Vatican Pledges To Pursue Diplomatic Relations With China January 20, 2007Posted by notapundit in Catholic, World News.
VATICAN CITY (AP)–The Vatican pledged Saturday to pursue dialogue with China aimed at establishing diplomatic ties, as Pope Benedict XVI prepares a message for his flock in China, where Catholics have been jailed for their loyalty to the pope.
A twofold strategy emerged from two days of high-level debate on China at the Vatican: continue to champion religious freedom in China while pursuing diplomatic ties.
Benedict, who called the meeting, did not attend the talks, but received a detailed briefing on proposals made during what the Vatican described as a frank debate.
Participants included Secretary of State Cardinal Tarcisio Bertone, the pope’s top aide, along with leading prelates from China. On hand was Hong Kong Cardinal Joseph Zen, an outspoken advocate for freedom of worship.
Benedict “benevolently has decided to write a letter to Catholics in China,” the Vatican said in a statement, without indicating when the letter might be sent.
Asia News, a Vatican-affiliated news agency, said it’s likely Benedict would “directly” take up specific questions on dealing with illicit ordinations in the state-sanctioned Catholic church, which does not accept the pope’s authority.
“The hope was expressed that a normalization of relations on various levels, with the aim of allowing the peaceful and fruitful life of the faith of the Church and of working together for the good of the Chinese people and peace in the world, would be achieved,” the statement said.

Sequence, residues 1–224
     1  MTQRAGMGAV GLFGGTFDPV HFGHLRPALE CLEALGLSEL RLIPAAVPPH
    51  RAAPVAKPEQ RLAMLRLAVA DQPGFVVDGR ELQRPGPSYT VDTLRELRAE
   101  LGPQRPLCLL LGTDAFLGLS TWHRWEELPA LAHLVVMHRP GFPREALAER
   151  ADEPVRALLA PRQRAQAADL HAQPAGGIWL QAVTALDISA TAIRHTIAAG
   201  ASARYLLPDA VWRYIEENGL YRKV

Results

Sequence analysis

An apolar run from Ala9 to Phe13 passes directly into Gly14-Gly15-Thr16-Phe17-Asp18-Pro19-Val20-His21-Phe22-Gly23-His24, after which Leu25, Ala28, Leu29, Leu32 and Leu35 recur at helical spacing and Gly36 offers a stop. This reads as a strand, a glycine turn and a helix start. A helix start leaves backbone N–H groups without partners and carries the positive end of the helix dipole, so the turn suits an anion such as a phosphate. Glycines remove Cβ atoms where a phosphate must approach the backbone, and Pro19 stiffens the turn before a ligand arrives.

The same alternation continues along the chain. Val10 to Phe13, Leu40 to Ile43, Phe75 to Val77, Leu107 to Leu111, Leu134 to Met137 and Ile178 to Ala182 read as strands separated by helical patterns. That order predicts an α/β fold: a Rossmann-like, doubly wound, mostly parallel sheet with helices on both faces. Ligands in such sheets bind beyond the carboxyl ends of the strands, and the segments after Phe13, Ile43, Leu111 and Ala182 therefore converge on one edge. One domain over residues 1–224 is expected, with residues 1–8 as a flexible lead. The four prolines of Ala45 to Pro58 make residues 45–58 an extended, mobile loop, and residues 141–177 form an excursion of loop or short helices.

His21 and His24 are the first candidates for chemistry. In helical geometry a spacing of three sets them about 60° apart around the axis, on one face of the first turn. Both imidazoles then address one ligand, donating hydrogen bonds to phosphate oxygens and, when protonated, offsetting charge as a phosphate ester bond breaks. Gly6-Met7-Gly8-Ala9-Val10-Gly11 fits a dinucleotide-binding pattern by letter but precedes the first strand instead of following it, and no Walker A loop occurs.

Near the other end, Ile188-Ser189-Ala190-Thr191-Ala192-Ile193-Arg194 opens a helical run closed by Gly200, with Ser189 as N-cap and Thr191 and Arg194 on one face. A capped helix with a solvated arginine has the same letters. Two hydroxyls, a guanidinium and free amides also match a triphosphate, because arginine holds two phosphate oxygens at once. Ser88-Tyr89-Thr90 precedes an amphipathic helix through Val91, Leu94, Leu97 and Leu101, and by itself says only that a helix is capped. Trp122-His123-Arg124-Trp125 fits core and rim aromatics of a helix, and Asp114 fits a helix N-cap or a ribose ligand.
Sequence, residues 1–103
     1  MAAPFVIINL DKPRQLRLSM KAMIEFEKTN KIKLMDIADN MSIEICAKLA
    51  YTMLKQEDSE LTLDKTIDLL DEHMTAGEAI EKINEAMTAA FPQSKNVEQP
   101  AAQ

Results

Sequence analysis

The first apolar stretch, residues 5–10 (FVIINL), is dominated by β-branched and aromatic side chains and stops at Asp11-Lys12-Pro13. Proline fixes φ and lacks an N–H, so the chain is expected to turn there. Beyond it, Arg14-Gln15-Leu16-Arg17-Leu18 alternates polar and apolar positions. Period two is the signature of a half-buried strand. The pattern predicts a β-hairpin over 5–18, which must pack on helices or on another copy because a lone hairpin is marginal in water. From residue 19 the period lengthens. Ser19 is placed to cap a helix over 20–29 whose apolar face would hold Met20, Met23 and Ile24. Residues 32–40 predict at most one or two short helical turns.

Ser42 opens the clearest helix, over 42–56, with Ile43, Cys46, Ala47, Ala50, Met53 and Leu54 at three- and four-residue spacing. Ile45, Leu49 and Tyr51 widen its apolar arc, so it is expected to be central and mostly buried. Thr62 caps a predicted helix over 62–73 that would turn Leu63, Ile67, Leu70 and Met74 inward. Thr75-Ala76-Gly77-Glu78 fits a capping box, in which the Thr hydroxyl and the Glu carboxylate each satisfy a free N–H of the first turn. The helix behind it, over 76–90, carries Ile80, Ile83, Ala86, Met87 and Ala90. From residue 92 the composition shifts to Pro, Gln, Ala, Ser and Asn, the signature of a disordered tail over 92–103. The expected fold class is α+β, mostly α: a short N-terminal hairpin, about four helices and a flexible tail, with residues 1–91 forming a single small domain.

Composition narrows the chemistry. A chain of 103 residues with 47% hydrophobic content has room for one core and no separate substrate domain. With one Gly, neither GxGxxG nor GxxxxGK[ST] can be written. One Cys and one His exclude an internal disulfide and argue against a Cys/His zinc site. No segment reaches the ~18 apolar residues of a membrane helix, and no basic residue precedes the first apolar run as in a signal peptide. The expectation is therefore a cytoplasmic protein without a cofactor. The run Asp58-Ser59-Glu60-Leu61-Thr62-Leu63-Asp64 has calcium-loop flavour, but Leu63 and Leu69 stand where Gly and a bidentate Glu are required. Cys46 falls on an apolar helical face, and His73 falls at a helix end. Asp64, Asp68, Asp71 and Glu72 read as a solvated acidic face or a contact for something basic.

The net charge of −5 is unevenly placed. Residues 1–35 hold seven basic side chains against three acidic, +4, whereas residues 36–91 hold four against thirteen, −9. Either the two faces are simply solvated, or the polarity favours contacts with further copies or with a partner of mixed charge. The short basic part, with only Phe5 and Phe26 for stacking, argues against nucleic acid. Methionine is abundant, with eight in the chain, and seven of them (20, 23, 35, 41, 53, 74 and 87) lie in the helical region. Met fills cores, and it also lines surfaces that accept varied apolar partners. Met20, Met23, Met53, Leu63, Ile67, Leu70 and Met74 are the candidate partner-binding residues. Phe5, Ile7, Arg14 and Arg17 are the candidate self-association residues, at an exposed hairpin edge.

Vatican officials said that “on various levels” included diplomatic relations.
The Vatican has long indicated that it wants to establish diplomatic relations with Beijing, even at the cost of moving its embassy from Taiwan, but will not compromise on the tradition dictating that only the pope – and not a local church – can appoint bishops.
The Vatican has vigorously denounced Beijing’s insistence on ordaining bishops without papal approval. Last month, Benedict expressed “great sorrow” over the latest such ordination, the third known case in 2006.
Cardinal Zen has accused Beijing of reneging on a promise to stop the practice. China views papal appointments as interference in its internal affairs.
Among the prelates participating in the Vatican strategy session on China were bishops from Taiwan and Macau, a former Portuguese enclave.